Antique

My lovely physiotherapist, Scott has been encouraging me about how to consider my future.  He offered an analogy: “think about yourself as an antique (“rude” I said), even an antique that cannot be sold at the auctions (even more rudeness!) yet the flaws, the cracks and imperfections are what will be used in the future – the patina I described it as. This reminded me of the Christian concept of brokenness and how we as people can only be used when we are broken vessels (typically) so, wise words from a young man! Another good friend/former colleague, Heather suggested the Japanese art of Kintsugi which illustrates the philosophy that nothing is ever truly broken. This technique repairs broken pottery by using beautiful seams of gold.

I reflected on this and recognised this as perhaps describing the second phase of my life as ostensibly defined by the Franciscan priest and theologian (mystic), Richard Rohr. It makes me wonder whether my physical catastrophe has led to an emotional/mental catastrophe inviting me to enter into the second phase (not expected nor wanted, of course) but it describes a role I could play as someone to use my disability in a positive way, the cracks, the flaws and the brokenness … but oh, the way I see things at the moment, I want to be restored to my former self.  Of course, this is not and will not be possible.  Acceptance is very, very hard.

An image of a small figurine broken whilst decorating. It has been repaired. It remains with a fractured look but can still be of use.

BROKEN

RESTORED

A Question

Some have asked, indeed so have I, what is the point or the purpose of my blogs? Many have said “Well they must be cathartic for you?” The answer is yes, I have found them helpful. I have also been told that some people have found them raw and painful which is not a bad thing if it helps people realise my predicament. But one of the main purposes of my blogs is to help others to have a better insight of a person aiming to live after a stroke. Does it achieve this?  

Please do leave your comments and email address below.

6 thoughts on “Antique

  1. Hi Peter

    Your blog is inspiring as are you and it reminds me of the need to focus on what we have, rather than what we don’t have.

    Life changes and as hard as it sometimes is we should face forward, be grateful, embrace and encourage one another.

    Go well. Smiles and hugs.
    X

    Liked by 1 person

  2. Acceptance? Acceptance is so, so hard…
    Your situation is so extreme, so uncompromising but for a moment this blog entry made me think of my own patina. The normal knocks and scratches of age, etc. I pictured my own cracks run with Japanese gold. And yes, I need to embrace my patina too. And the flashes of gold my cracks sometimes gift me.
    Thank you. 😊

    Liked by 1 person

  3. Hello Peter
    Thank you for this latest blog, it is, as ever thought provoking.
    I’ve started following other blogs in the past but yours is the only constant – and I have just realised why. The other blogs were observations from others, but they didn’t make me question myself, their words fed me, but they didn’t make me think or reflect as your blog does. Your words have made me question myself “how would I cope?”, “what would I want?” and “what would I do?”; and made me think about my professional role, nurses like to make things better – I can’t make you physically better, so what can I do? I wish I’d had these opportunities to reflect while I was providing care to people, to be really pressed to think about the other person’s perspective, to try more to understand the frustration, the loss, the search for meaning. I always believed in continuity of care, the importance of known and trusted professionals and I read that in your blog, the presence of people you have got to know, and who have got to know you and know how to reach you, to press you to carry on, to know when to challenge and when to step back.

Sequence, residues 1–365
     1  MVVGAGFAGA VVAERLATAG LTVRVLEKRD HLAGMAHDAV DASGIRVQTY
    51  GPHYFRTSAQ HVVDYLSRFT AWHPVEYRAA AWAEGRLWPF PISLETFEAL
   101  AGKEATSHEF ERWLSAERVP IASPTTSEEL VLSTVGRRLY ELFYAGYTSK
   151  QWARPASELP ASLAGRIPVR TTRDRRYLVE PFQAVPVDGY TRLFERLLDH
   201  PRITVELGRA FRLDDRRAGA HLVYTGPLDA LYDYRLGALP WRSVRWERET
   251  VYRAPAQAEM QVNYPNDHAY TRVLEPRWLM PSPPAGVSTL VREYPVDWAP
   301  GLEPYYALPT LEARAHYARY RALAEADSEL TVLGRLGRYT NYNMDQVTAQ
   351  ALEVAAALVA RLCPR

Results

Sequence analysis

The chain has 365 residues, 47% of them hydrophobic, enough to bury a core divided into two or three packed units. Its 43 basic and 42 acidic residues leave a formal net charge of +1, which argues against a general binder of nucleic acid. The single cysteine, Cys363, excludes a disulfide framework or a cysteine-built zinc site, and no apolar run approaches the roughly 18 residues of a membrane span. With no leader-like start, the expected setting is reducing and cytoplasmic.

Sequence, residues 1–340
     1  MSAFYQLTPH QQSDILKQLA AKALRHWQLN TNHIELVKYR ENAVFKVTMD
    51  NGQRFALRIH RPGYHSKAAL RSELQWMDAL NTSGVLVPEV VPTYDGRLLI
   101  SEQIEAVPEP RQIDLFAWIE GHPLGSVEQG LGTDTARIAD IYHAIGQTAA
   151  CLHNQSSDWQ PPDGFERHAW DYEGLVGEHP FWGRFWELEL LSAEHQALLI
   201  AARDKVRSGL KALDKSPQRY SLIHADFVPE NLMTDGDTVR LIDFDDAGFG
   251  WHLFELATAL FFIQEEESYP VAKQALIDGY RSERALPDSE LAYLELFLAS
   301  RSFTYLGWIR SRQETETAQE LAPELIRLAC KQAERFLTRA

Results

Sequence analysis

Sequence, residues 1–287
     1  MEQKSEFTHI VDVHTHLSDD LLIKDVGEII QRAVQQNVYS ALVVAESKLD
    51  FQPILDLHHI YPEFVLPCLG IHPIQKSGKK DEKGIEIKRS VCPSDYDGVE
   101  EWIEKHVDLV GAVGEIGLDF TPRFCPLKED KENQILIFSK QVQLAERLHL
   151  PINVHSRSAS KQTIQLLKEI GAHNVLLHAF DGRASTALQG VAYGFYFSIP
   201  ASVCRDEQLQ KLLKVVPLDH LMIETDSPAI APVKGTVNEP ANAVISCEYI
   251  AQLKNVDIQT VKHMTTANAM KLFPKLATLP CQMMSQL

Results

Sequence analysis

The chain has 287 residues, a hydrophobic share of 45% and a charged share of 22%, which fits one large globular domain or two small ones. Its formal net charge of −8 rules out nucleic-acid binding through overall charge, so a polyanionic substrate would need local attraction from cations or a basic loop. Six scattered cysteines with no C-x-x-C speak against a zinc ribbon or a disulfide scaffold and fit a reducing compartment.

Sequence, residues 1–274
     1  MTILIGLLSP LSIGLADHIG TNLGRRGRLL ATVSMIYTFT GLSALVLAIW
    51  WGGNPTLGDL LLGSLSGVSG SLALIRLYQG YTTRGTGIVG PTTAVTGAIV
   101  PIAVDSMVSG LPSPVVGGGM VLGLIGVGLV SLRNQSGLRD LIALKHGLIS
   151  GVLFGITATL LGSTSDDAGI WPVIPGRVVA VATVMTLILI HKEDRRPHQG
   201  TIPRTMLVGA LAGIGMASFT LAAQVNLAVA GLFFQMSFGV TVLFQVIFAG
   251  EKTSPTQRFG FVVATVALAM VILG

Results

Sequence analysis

So, what does your blog mean to me? Hearing from you; reading about your progress and the setbacks and how you are dealing with them; reflecting on what this means to me, questioning what that means in terms of my responses to others and most of all, it makes me feel thankful that a dear friend has the time and ability to write such pieces.
    Take care….and I look forward to the next one

    Liked by 2 people

  4. Hi Peter, Keep writing please! It is not only accomplishing the purpose of being cathartic for you but also enlightening for me and all who read them. We need to experience the raw and painful with you. That’s what brothers and sisters in Christ do. This past Good Friday once again presented to us the raw and painful. He walks with you and all of us in the raw and painful. Thank you for doing just that. A blog isn’t useful if it isn’t honest and authentic. Keep being that for all of us. Thank you.
    Much love, Kx
    PS I’m sending you a link you may find helpful.

    Liked by 1 person

  5. Peter this is so powerful and thought provoking. I’d never heard of kintsugi – but your words brought several thoughts to mind:
    – we are all broken antiques that can’t be sold at auction but we have been purchased eternally by the Jesus the great restorer
    – a few weeks ago I was reading the bible verses about trials and emerging as pure gold. Gold can be purified chemically or by fire – scripture talks of the refiners fire. In the process, the form of the gold is melted and broken down, impurities emerge, are removed and the piece solidified again in a new and purer form. The kintsugi idea of our pieces being fixed with pure gold is amazing.
    – your blog presents the reality of how a life changing event actually impacts; it’s completely worthwhile, please keep reflecting and sharing insights which resonate where ever the changes and cracks in life have come from.

    Like

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